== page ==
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CONTINUING PROFESSIONAL DEVELOPMENT
1. A non-blanching maculopapular rash
is a characteristic feature of:
b) Meningococcal disease.
d) Erythrodermic psoriasis.
2. A child presents to the pharmacy
with a widespread rash which is not
causing itch. The lesions appear to be
small spots which are bluish-grey in
colour. This rash is MOST LIKELY to be
c) Atopic dermatitis.
3. Lichenification is characteristic of
which skin condition?
c) Atopic dermatitis.
4. Psoriasis is:
a) Caused by a histamine-mediated
b) A contagious condition.
c) Typically preceded by a viral infection.
d) Usually a genetically acquired condition.
5. Treatment of guttate psoriasis does
not involve the use of:
a) Tar-based products.
b) A routine course of penicillin.
You refer Josie to her family doctor
as you are aware of the multitude of
differential diagnoses for this unique
skin rash. Josie visits her doctor that
afternoon and returns to the pharmacy
confirming that William is suffering
from guttate psoriasis. Her doctor has
recommended some moisturisers to
keep the skin from drying – Josie would
like your advice. You explain that there
are a number of possible treatments
for this condition (some of which
require a prescription from the doctor)
(see Table 2). Guttate psoriasis is usually
self‐limiting, but you can recommend
some products that may relieve
You recommend the use of an emollient
for William, both whilst bathing, and as
a regular skin moisturiser throughout
the day (applied at least twice daily).
You indicate that you can offer a
stronger product to relieve the itch and
inflammation, and Josie is hesitant to
use anything ‘too strong’ on William’s
skin. In light of this, you provide her with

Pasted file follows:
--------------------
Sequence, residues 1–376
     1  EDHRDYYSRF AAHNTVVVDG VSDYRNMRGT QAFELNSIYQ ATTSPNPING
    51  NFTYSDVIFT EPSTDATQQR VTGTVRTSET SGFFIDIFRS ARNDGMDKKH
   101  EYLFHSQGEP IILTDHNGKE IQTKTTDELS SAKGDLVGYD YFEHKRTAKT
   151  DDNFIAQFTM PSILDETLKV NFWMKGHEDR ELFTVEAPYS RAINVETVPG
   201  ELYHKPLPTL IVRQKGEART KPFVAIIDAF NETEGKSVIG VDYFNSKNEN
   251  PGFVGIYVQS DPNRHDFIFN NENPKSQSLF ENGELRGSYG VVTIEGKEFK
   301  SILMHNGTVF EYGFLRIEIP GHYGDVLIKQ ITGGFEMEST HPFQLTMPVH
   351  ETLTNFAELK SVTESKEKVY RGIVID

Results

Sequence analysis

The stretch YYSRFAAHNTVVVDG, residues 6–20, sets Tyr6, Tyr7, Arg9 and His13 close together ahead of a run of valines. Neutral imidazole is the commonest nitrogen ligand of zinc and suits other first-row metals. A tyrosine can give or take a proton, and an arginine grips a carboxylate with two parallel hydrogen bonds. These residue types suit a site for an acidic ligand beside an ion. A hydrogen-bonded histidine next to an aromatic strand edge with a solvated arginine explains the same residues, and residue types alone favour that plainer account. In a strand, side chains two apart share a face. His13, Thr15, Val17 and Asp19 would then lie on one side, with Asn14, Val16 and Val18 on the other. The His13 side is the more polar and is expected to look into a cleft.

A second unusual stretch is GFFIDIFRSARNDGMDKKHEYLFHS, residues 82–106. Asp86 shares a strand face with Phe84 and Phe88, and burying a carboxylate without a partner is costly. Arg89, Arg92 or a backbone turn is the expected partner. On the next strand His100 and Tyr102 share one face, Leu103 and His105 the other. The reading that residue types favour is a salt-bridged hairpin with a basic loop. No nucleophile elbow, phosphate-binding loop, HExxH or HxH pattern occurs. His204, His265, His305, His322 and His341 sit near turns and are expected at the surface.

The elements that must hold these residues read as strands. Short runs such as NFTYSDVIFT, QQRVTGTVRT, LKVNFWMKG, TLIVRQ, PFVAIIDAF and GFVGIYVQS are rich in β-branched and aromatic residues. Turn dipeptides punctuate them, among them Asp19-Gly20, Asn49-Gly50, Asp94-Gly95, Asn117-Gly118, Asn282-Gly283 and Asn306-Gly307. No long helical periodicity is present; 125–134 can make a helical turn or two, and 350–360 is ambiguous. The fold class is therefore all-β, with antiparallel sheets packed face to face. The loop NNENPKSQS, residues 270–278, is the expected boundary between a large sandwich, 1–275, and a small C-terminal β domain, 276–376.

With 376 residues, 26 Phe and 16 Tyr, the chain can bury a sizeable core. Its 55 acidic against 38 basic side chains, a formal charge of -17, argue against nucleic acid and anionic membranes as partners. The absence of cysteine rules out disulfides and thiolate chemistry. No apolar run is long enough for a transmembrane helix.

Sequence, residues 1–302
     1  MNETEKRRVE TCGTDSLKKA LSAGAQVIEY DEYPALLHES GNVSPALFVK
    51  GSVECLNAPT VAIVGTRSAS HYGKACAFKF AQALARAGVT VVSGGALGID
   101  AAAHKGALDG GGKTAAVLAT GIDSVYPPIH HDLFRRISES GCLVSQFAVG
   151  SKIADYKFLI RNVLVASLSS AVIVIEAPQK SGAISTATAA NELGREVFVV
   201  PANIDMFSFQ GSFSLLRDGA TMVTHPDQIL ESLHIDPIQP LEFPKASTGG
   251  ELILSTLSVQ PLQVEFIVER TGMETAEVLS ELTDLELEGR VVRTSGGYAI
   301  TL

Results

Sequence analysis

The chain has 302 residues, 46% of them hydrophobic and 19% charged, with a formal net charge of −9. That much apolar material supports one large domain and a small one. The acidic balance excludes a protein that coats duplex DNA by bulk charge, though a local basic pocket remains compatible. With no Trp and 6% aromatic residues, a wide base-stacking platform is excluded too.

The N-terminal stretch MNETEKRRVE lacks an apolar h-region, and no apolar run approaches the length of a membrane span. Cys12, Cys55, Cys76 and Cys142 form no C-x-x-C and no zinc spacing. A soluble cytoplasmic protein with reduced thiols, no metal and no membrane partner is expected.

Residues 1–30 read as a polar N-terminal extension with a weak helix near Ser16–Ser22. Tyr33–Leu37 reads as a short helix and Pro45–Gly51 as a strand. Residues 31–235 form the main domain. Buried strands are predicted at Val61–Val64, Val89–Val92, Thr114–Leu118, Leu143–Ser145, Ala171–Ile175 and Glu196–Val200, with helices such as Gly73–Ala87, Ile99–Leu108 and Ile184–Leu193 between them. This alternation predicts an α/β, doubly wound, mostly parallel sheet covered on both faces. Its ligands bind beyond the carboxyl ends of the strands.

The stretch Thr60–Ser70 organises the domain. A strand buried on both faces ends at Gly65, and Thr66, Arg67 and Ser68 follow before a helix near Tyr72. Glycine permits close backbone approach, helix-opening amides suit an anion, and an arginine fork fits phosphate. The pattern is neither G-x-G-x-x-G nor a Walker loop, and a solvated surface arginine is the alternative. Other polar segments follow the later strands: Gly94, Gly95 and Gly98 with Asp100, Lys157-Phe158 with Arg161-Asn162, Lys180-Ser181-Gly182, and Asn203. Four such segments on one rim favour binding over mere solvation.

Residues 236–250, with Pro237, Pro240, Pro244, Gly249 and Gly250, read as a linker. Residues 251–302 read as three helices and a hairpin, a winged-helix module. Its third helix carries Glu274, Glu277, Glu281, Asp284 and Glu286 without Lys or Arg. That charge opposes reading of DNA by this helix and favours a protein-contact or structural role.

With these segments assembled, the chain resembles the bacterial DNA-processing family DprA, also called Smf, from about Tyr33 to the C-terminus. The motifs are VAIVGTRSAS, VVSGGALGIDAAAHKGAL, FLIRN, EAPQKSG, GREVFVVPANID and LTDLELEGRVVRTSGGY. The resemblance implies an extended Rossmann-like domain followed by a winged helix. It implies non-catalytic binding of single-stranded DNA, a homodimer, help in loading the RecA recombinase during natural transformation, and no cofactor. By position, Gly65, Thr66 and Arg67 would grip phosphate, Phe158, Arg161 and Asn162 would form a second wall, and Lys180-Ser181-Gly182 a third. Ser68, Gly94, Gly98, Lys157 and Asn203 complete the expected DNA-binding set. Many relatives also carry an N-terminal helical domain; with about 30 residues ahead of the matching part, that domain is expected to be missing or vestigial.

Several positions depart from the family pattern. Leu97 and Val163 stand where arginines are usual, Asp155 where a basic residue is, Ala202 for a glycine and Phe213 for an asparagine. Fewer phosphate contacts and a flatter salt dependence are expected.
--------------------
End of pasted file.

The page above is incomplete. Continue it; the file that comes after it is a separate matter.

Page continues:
some tar‐based lotion for application as
required to relieve any itch. You advise
Josie to apply the tar‐based lotion to
the affected areas and rub in gently.
In cases of guttate psoriasis, it is
generally recommended that patients
take another course of antibiotics,
if required, to eliminate any remaining
streptococcal infection. Josie indicates
that the doctor mentioned this,
and after checking William, he is sure the
infection has cleared up.
William returns to the pharmacy with
his father, Richard, six weeks after his
initial visit. He is very proud to show you
that the rash on his torso has virtually
disappeared and he has not experienced
any further symptoms. Richard explains
that they have been using the products
you recommended and thanks you for
helping them solve this problem.
On a daily basis, pharmacists are
presented with a multitude of skin
conditions, for which there can be a
variety of causes. It is essential that
pharmacists are confident when
assessing skin conditions, to enable
them to make appropriate patient
recommendations. Of vital importance
is the need to gather a detailed patient
history to ensure a holistic approach
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